Date of Award
Bachelor of Communications Honours
School of Communications & Multimedia
Faculty of Communications and Creative Industries
When an audience is exposed to deformed, altered and abnormal entities, their interpretation relies on some form of cultural awareness of both the expected and the altered shape to stimulate a reaction. I maintain that the stimulus for this reaction has its roots in a dark and terrifying primal force, the manifestation of which we regard as the grotesque. This thesis looks for a commonality in a satirical interpretation afforded to this grotesque force. By using the caricatures in William Hogarth's engravings and the altered cars in three contemporary films. I search for a correlation between the way Hogarth and the film directors have grotesquely altered their characters/cars as a way of parodying common elements to satirize them. I will argue that the audience of Hogarth's period will have experienced a similar fear response as that of a contemporary audience, and that even though there are many cultural and sociological variables that separate the two periods, the core reaction will have its foundation in a common instinctual force.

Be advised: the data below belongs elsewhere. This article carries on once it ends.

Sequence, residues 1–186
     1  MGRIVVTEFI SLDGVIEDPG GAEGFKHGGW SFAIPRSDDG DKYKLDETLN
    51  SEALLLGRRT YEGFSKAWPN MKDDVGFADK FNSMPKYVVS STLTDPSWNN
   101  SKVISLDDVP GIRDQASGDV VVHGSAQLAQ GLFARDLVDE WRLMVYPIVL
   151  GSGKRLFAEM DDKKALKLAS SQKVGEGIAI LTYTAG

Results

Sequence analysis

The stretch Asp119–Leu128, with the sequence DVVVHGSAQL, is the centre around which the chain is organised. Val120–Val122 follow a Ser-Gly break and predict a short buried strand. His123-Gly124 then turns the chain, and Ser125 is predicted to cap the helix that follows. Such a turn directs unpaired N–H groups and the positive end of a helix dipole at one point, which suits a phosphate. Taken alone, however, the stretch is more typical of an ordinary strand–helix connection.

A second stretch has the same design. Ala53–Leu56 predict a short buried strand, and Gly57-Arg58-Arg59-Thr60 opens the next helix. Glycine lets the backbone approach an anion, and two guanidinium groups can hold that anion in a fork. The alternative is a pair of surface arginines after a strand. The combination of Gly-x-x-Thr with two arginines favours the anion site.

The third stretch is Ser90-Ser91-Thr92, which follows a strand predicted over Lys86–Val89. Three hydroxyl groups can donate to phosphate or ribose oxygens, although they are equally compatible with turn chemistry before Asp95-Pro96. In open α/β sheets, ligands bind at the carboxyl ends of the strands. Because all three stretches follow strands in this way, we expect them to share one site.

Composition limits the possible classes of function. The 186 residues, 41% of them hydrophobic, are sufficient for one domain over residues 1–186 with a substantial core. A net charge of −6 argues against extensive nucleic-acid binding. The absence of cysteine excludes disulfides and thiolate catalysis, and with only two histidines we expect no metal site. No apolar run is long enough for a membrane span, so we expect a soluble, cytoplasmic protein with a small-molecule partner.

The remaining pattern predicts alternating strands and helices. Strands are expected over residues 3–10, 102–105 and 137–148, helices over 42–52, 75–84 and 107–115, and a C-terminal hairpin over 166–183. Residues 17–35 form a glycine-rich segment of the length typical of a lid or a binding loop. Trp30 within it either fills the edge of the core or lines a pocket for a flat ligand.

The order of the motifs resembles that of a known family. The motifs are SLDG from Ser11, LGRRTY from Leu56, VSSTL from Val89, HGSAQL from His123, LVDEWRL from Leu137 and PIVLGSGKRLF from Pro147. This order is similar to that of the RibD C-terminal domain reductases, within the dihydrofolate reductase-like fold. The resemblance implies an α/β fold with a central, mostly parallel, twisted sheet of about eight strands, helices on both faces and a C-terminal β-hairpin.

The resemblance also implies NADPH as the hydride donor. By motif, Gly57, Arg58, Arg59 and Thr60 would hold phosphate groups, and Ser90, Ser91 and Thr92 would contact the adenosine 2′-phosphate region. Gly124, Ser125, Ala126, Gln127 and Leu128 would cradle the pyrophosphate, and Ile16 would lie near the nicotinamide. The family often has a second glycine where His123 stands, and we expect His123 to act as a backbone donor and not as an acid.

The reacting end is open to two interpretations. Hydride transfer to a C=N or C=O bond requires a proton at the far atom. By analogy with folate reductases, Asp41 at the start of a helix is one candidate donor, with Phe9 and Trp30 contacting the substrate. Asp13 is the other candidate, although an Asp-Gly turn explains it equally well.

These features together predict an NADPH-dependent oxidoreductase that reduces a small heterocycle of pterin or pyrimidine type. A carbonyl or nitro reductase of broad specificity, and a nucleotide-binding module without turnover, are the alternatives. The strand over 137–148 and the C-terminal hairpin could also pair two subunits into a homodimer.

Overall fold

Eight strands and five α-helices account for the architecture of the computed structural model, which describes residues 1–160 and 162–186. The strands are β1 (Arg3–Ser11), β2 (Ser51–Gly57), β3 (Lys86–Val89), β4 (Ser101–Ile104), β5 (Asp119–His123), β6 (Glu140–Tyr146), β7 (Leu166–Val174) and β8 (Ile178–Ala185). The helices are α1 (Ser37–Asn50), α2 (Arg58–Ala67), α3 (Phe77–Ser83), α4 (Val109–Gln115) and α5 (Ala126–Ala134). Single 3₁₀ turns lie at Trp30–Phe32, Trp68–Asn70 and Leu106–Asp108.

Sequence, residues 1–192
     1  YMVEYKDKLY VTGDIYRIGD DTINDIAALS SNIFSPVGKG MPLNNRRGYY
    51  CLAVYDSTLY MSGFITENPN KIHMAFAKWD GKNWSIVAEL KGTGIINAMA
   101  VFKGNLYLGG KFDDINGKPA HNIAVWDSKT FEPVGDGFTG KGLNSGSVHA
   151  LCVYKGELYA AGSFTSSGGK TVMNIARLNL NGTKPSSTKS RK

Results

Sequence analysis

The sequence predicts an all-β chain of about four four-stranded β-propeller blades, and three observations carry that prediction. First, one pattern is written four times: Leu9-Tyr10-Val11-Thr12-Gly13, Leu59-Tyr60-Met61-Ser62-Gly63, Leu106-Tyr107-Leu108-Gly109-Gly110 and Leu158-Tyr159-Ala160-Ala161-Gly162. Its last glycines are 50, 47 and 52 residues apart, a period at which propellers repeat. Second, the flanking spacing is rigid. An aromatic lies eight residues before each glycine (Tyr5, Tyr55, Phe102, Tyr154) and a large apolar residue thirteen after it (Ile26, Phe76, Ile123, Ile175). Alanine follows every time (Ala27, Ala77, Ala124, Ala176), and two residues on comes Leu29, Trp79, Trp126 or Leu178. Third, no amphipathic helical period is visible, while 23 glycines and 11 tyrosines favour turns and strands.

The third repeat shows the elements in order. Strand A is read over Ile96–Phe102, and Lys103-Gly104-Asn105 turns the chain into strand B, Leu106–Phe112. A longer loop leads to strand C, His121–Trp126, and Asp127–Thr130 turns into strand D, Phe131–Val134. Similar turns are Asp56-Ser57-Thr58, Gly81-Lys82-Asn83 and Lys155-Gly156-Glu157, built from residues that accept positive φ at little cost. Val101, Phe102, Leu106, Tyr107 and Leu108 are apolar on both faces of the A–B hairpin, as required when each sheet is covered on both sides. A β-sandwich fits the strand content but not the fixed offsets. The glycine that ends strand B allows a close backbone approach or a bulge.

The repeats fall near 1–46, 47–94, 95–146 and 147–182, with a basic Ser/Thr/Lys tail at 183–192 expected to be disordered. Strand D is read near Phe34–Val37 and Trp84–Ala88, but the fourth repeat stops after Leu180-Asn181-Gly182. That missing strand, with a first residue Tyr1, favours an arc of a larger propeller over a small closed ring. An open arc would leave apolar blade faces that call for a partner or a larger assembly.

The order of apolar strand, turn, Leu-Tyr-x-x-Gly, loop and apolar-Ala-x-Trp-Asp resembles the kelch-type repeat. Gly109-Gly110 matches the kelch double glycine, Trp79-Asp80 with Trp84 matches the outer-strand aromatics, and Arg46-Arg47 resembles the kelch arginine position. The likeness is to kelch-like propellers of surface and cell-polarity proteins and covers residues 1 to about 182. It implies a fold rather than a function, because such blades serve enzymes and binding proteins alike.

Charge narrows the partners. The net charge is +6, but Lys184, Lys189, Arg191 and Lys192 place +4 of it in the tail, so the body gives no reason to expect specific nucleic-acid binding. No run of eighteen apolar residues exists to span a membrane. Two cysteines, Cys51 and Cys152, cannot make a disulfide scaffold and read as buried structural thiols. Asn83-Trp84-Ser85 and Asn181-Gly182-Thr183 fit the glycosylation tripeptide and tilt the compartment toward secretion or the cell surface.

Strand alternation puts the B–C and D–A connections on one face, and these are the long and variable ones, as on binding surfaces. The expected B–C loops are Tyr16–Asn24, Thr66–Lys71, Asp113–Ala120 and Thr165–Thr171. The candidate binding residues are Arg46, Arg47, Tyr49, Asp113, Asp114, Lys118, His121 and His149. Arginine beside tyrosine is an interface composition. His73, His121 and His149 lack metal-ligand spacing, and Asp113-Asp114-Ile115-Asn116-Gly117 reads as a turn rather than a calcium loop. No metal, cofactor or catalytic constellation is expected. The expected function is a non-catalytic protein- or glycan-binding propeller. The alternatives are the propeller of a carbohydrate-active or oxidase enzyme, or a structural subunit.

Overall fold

Ridley, C. (2006). Hogarth to Monster Wheels : A Grotesque Connection. Retrieved from http://ro.ecu.edu.au/theses_hons/1251